As war and turmoil rages on in the Middle East, smaller and more personal battles continue on the home front as families are torn apart by the worst news possible. Hearing that a loved one has died one the battlefield is terribly difficult to hear, and this drama is wonderfully captured in The Messenger, with a few dramatic curve balls thrown in.
Staff Sgt. Will Montgomery (Ben Foster) is a war hero who has been assigned with a job that he is not particularly happy about. Along with Captain Tony Stone (Woody Harrelson), he is given the task to notify families about their loved ones who have been killed in action. One particular widow (Samantha Morton) draws Montgomery close into her personal life, and he finds himself slowly falling for her, which is strictly against protocol.
This summary doesn’t really do this film justice, since its more of a character study than a traditional story driven narrative. At the end of The Messenger, nothing much has really changed. The war still goes on and people are still dying, but the characters in the film have progressed even if it is only slightly. That’s what is the true strength of the movie. The audience is meant to care more about the characters than what the story is. If one was to focus just on the story, the film would probably feel pretty hollow and boring, which it is not.
The screenplay for The Messenger is really marvelous with true to life dialogue that is never melodramatic and was nominated for an Academy Award for best Original Screenplay. There are a few lines that seem out of place like calling kids “green with envy” or some forced “good bye(s).” Other than that every line is appropriate. There is even a really good monologue said by Ben Foster towards the end of the movie that never sounds forced. The handheld camera work is also subtly fantastic at giving the film a more realistic feel. One shot in particular is eight minutes long and full of dramatic and emotional change.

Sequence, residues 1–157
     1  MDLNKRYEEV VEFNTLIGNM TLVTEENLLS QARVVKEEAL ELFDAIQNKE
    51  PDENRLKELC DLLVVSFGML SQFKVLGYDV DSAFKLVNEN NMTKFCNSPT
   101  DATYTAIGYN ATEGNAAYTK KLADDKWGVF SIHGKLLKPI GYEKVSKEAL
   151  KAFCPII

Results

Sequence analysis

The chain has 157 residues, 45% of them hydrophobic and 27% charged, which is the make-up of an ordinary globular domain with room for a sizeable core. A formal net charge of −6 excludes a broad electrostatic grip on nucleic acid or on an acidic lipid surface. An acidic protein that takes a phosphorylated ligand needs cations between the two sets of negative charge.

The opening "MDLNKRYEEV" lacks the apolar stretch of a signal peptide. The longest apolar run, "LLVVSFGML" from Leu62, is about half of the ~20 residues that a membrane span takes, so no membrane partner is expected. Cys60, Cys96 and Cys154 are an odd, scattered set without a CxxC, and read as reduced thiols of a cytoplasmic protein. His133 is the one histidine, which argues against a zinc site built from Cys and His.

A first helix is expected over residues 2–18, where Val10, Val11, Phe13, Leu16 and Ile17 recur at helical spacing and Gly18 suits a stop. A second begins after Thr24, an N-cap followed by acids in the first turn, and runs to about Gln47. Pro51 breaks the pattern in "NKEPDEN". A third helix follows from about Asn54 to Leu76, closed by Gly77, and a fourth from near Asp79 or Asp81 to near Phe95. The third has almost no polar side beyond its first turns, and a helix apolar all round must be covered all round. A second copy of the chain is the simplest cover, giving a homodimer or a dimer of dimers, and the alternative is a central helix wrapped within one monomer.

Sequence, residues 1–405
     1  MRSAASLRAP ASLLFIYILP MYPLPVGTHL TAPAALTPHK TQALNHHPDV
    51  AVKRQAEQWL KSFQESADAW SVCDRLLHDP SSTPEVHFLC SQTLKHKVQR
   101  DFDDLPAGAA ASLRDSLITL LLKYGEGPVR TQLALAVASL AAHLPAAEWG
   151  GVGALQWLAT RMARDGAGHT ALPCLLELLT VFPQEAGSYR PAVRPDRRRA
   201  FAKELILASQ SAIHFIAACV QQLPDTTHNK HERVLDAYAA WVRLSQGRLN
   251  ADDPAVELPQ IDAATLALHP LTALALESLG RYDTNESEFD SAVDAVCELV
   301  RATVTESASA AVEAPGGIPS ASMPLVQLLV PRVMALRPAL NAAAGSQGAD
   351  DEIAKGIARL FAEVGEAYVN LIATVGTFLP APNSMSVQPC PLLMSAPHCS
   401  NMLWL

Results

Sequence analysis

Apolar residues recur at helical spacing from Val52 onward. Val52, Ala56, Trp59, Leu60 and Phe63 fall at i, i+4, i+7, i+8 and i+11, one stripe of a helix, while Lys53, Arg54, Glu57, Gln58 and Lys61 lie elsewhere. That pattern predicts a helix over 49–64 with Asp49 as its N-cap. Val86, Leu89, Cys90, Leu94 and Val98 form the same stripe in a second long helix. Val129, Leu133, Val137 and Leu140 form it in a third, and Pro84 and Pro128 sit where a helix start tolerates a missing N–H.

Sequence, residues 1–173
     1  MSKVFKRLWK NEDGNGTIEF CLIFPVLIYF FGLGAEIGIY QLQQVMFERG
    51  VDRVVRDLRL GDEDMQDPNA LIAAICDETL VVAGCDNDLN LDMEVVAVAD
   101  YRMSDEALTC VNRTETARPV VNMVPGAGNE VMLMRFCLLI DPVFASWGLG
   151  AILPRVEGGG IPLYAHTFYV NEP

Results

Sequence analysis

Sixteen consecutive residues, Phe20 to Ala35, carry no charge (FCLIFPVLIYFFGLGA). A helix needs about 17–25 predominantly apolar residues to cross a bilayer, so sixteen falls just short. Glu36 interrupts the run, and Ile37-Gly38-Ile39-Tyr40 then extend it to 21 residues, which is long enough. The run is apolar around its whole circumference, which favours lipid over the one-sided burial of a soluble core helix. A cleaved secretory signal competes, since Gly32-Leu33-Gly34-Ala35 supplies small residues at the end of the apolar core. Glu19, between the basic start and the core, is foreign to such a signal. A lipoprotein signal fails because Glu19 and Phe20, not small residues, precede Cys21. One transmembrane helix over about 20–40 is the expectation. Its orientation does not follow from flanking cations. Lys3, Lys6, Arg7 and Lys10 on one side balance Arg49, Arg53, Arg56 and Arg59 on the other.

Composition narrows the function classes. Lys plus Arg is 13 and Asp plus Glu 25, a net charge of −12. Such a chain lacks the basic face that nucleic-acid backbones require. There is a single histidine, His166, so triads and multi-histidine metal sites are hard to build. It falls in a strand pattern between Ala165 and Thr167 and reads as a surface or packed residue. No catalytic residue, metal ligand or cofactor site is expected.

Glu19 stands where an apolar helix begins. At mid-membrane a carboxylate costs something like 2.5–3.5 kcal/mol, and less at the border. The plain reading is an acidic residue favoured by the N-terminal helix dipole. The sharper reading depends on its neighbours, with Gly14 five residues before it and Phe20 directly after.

Seeing Ben Foster in a role where he doesn’t have to shoot or hit anyone was a nice change. It’s been established with movies like 3:10 to Yuma and The Mechanic that he can play a tough talking badass just fine, but now it is known that he is perfectly capable of playing a deep character who makes a great change throughout a movie. Woody Harrelson and Samantha Morton are also above average which also earned Harrelson an Academy Award nomination.
The Messenger came out the same year as The Hurt Locker, which is also about the tragedies surrounding the war in Iraq. Although the same themes are explored, they are done so in polar opposite ways. Deciding which film is more effective would be a very difficult task. Both do a great job, but I felt more impacted by the dialogue in The Messenger than the often flashy and violent material in The Hurt Locker, but this could just be because The Messenger is fresh in my mind.
This was a quietly intense and emotional film that strikes many different cords. I’d like to see The Messenger defined as a classic in a number of years because of its presentation. I really enjoyed this movie a lot, and would recommend it to anyone.